It is not unprecedented for a bird to depart thus from its usual song and to improvise. You may detect even the jay in this mood, though it is wholly imitative with him. The love-song of the catbird and the autumn reverie of the song-sparrow are perhaps the best instances. I am not yet wholly familiar with the songs of the robin. It appears he is still studying music, and adds a phrase or varies a theme occasionally. He is the most romantic of the thrushes ; his song is more personal and less spiritual than the others. When, in early spring, the robins sing together at sundown, there is an exquisite tenderness in their notes which accords with the sweet youthfulness of the year. It is later in the season, when his mate sits upon the nest, that the robin rises to the heights of lyric beauty and pours out his soul from the top of the tallest maple in the swamp,— a brave sweet love-song, sung with dignity and without hesitation, that all his world may hear.

At dawn he is moved a little more to the rapt and religious expression of the thrushes. Something there is in the solemnity of that hour which touches the hearts of all little birds. What it is we shall perhaps never know; shall never know enough of bird life to understand what emotions they may have which so powerfully sway them and become evident in their voices. The evidence is there; the cause is to be inferred. While the birds are everywhere more or less affected by the approaching day and give voice to their feelings, there appear to be musical centers in the bird world in which the expression is more concerted than in other localities,— favored sections where this hymn to Apollo is memorable indeed and hardly to be described. It is a great chant with all its solemnity, all its impressiveness.

Beginning with the desultory calls of wood-pewees, it is taken up by song-sparrows, robins and catbirds, dominated by the devotional song of the woodthrush who appears to ad as chorister. Birds seem to congregate from near and far and to inspire one another to unusual efforts. The volume and stateliness of this chant, so measured and rhythmical, carries with it vibrations of power and cannot fail to communicate its influence to the listener, be he bird or man. Here is a multitude of birds actuated by a unity of purpose, impelled by a single motive, and though every one sings his own song, the myriad voices blend in one concordant whole. To arouse suddenly from a sound sleep in the woods at dawn while this chant is in progress, is like awakening in another sphere, where sings the choir celestial. We slip from sleep into the heaven of song, and it requires an-other awakening to bring us to consciousness of this actual world about us.

They are the troubadours these birds, the wanderers whose souls are in their voices. What bold romantic singers are the cardinal and the rose-breasted grosbeak—the lords of song ! When the cardinal comes North he appears to feel out of his element and modestly withdraws. But in the South he dominates the swamp and adjoining cotton-fields with his rollicking, melodious voice. A gay minstrel, he compels attention. These voices of the cypress swamp are clear and bright in contrast with their dismal surroundings. The bell-like note of the tufted titmouse in the treetops, and the brave, cheery song of the Carolina wren lighten those fearsome shades. The wren carries his sunshine with him. There is no minor in his song; he is never discouraged, any more than the chickadee. Day after day that voice rings true-all's well with the world. Brave voices singing in the wilderness, they lighten vaster shades than any they know of, sound their note of courage and well-being for other ears than theirs. What blessed transformation from the songless ages from that slimy reptilian world where was no music, no song to this unpaid minstrelsy of the woods and fields! They have served us these many years the sweet singers, the true birds of paradise, with power to lift us from our dull, unmelodious thoughts into their harmonious world.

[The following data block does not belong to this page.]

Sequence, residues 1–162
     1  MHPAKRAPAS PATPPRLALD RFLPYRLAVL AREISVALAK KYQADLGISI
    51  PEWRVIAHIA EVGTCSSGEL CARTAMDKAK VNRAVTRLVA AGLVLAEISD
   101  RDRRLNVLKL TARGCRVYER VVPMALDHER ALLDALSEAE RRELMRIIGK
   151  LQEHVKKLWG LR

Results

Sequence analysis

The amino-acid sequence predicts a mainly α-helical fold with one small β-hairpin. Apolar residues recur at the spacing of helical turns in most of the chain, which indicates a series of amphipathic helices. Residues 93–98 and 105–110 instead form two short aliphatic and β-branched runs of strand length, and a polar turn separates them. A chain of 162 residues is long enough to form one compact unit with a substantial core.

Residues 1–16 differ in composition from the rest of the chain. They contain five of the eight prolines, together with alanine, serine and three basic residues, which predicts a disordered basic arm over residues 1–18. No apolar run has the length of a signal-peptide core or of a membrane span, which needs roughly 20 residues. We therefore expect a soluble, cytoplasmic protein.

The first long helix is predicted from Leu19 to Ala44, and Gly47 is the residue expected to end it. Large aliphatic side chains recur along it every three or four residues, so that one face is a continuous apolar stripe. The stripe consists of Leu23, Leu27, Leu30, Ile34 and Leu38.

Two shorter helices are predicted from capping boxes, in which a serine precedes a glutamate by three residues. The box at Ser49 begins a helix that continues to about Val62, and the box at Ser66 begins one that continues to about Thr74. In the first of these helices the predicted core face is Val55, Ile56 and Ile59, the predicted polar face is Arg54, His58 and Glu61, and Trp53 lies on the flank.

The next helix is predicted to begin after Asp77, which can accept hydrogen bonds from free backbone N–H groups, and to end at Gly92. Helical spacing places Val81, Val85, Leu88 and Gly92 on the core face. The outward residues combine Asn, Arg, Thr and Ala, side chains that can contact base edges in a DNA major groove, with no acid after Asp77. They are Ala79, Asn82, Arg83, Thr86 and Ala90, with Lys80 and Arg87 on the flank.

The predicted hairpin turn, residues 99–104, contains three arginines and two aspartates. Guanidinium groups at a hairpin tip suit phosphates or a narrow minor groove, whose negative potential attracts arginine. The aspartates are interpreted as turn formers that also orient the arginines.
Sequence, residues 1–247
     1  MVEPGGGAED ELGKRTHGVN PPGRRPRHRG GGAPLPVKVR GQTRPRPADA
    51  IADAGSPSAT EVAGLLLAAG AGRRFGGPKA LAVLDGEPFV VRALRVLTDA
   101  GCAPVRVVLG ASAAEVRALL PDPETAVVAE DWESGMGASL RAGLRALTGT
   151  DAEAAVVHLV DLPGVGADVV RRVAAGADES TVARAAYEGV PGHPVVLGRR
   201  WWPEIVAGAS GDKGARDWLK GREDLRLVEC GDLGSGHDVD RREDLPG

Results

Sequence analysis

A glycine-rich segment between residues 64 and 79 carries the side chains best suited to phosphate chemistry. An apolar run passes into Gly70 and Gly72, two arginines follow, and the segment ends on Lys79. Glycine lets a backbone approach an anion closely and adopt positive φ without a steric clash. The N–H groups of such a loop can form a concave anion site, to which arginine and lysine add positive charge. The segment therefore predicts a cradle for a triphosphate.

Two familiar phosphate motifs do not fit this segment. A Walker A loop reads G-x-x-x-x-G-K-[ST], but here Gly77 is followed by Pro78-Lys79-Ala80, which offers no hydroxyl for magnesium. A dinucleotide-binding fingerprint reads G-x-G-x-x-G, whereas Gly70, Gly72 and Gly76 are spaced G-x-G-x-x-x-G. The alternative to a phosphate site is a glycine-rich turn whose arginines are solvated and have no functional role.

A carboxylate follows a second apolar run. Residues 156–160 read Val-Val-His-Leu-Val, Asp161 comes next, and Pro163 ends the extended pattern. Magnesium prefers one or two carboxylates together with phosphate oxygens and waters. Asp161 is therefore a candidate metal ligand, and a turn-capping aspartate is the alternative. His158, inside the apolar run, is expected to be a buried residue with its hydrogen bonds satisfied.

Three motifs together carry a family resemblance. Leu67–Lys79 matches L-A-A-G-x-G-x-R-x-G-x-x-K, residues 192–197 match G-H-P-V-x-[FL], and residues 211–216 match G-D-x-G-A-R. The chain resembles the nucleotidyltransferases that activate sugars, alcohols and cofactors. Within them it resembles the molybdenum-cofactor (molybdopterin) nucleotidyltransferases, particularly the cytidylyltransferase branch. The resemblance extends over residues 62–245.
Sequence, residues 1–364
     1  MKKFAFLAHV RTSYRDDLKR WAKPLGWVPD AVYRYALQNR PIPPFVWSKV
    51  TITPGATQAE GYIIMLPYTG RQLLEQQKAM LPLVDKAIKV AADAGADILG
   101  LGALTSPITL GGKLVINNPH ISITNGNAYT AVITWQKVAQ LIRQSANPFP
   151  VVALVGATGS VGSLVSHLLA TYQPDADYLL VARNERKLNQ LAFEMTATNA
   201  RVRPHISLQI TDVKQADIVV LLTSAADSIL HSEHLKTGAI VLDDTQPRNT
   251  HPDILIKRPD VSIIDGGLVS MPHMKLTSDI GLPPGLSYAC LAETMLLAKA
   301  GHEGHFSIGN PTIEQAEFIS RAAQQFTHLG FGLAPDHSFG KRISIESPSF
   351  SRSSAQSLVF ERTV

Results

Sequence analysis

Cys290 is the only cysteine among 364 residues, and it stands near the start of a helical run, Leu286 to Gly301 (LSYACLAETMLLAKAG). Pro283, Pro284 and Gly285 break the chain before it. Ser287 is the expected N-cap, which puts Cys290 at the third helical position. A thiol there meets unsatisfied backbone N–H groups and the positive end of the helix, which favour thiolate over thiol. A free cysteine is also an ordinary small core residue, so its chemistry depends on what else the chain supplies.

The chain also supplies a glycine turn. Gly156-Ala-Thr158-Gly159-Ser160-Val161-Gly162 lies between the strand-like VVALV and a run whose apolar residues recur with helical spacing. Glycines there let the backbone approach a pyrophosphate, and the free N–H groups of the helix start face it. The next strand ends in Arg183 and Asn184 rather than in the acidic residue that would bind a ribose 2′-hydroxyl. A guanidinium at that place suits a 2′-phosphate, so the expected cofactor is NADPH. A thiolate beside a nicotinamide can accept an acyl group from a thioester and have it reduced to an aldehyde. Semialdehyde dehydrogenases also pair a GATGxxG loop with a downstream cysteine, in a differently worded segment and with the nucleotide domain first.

As I was following the course of a mountain stream through the leafless woods early in April, the silence was broken by a strange musical alarm. It was the Louisiana water-thrush, but might have been the pipes of Pan, so wild and 'woodland was it. The first notes were high and startlingly loud and clear, while the song descended the scale and became softer and softer till it died away. This is one of the bird voices that are untamed, that seem to belong to impersonal Nature. It is wholly savage — a piece of the wilderness, untouched by the presence of man. These voices do not strike the human and sympathetic chords, but ally one with the wilderness. Such are the cry of the loon, the melody of the ruby kinglet and the song of the winter wren. The kinglet's song has a cadence unlike any other, reminding one of water murmuring underground, and for some reason a classic suggestion, as of faun and satyr. It is more truly sylvan than any other sylvan in the old Greek sense, so elusive and shy it is, so mysterious.

Such voices give no evidence of self-consciousness; they are as impersonal as the winds or as the murmuring stream. But with the catbird, the thrasher and the mocking-bird, preeminently vocalists, there is a set and declamatory method which has the appearance of affectation. Their songs are brilliant and elaborately phrased, but they lack spontaneity, and in listening to them one wishes they had put their powers to a different use. The thrasher is particularly self-conscious and stagey, and yet he has a glorious voice. No bird has a finer quality of tone than he shows in some of his notes — clear, mellow, vibratory as in the voices of really great tenors. It is that quality which Nature alone supplies and no cultivation nor perfection of method can give. When he speaks to his mate in an undertone his voice would melt a heart of stone. There is a time, however, when the catbird rises above any suspicion of self-consciousness and is transported, and the listener with him, in a reverie of exceeding beauty. It is a wondrous love-song, an incomparable madrigal, blending with the morning sunshine and the first green leaves of the alders, soft and low as faint murmurings of a stream, a fluid melody uttered for chosen ears.